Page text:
Above: North Crater Cinder Cone (southern slopes), looking NW from Inferno Cone.


Above: Grassy Cone, a ~7.5 ky now-vegetated cinder cone sitting just to the west of North Crater & the North Crater Lava Flow.  Looking W.


Above: ~1350 year-old tree sitting atop the ~2.2 ky North Crater Lava Flow.  Looking SW.



Above & below: pahoehoe lava showing the classic ropy surface morphology.  North Crater Lava Flow, ~2.2 ky, upper Holocene.



Above: lava tube rupture.  The basaltic lava flows in the Craters of the Moon area have many lava tubes.  During eruptions, the shallow underground lava tubes would sometimes completely fill with flowing lava.  Or, a lava tube may have become blocked by partially solidified lava.  In such situations, pressure would cause the top of the lava tube to rupture, and lava would ooze out at the surface.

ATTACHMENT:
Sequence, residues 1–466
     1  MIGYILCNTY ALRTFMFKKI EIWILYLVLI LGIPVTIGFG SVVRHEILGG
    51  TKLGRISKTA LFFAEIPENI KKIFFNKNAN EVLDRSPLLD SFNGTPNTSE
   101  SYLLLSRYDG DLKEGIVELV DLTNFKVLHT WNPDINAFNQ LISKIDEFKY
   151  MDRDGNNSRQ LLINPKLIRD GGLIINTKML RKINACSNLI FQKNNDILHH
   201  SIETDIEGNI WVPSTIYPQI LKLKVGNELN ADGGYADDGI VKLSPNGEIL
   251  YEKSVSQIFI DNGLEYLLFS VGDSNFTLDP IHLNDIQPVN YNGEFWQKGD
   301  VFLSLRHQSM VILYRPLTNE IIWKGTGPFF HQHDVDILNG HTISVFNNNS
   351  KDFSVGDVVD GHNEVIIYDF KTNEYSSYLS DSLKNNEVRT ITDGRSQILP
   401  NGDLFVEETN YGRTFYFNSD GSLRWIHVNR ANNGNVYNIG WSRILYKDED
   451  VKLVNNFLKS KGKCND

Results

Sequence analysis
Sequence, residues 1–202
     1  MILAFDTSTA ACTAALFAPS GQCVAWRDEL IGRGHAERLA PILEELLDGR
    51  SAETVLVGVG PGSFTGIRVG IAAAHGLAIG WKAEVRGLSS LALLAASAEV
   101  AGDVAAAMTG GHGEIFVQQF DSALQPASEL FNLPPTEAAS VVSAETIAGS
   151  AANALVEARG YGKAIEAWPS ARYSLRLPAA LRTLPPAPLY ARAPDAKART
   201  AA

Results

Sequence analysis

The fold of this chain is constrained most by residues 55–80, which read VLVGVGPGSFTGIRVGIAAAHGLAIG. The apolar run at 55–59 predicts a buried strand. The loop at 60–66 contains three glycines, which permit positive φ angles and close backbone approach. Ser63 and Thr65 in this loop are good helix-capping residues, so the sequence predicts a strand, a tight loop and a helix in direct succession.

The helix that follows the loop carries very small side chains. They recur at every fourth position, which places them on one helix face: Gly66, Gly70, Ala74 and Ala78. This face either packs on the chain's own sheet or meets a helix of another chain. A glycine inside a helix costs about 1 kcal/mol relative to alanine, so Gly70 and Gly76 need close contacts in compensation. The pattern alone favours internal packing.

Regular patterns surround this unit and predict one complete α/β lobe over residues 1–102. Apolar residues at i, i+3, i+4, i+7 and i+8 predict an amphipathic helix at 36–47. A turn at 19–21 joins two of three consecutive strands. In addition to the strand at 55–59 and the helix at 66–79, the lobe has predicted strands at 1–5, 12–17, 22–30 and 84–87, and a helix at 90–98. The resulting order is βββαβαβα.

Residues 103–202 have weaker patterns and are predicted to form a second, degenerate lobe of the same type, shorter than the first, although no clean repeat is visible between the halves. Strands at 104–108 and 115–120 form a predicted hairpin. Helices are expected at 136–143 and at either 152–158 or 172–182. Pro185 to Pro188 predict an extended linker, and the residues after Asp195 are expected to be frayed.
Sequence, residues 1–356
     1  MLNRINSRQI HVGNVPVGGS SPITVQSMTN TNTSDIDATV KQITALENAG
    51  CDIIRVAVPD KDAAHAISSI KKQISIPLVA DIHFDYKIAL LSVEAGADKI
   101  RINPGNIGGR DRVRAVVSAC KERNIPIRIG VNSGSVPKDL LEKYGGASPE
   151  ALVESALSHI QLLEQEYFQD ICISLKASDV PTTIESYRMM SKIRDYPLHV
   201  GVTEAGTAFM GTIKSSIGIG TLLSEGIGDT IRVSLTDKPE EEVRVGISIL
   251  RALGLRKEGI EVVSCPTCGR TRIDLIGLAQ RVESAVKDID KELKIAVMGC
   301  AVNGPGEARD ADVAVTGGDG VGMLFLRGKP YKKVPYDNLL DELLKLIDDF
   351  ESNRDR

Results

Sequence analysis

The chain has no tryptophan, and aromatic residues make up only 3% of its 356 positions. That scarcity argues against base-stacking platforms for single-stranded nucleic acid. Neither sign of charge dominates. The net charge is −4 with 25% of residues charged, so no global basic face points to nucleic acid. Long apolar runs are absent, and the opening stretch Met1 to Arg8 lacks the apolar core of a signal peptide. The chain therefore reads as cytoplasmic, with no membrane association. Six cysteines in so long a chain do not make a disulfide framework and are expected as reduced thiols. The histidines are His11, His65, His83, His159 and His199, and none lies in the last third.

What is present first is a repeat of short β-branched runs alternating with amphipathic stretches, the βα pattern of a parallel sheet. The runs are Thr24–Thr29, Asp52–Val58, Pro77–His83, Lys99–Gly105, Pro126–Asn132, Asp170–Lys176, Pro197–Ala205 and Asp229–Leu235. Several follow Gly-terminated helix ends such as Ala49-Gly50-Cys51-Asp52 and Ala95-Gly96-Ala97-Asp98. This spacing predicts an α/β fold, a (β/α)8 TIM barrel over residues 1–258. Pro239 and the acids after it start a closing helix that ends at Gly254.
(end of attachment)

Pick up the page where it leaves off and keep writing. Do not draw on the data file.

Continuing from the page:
Above & below: large cinder cone fragments (derived from the western wall of North Crater Cinder Cone) caught up in lava.



Above: more large cinder cone fragments (derived from western wall of North Crater Cinder Cone) caught up in lava.





Inferno Cone is a moderately large cinder cone that completely lacks vegetation on its slopes.  The surface rocks of Inferno Cone are blackish, lightweight, somewhat glassy scoriaceous basalt (scoria), often with iridescent coloration.  Cinder cones such as this are the result of high-energetic eruptions of basaltic lava.  If lava has a relatively high dissolved volatiles content (H2O, CO2, SO2, etc.), material gets thrown relatively high into the air.  As the lava cools and solidifies, dissolved gases bubble out.  The gas bubbles get preserved as the lava finishes solidifying.  The resulting lightweight rocks have a frothy texture (lots of tiny gas bubbles).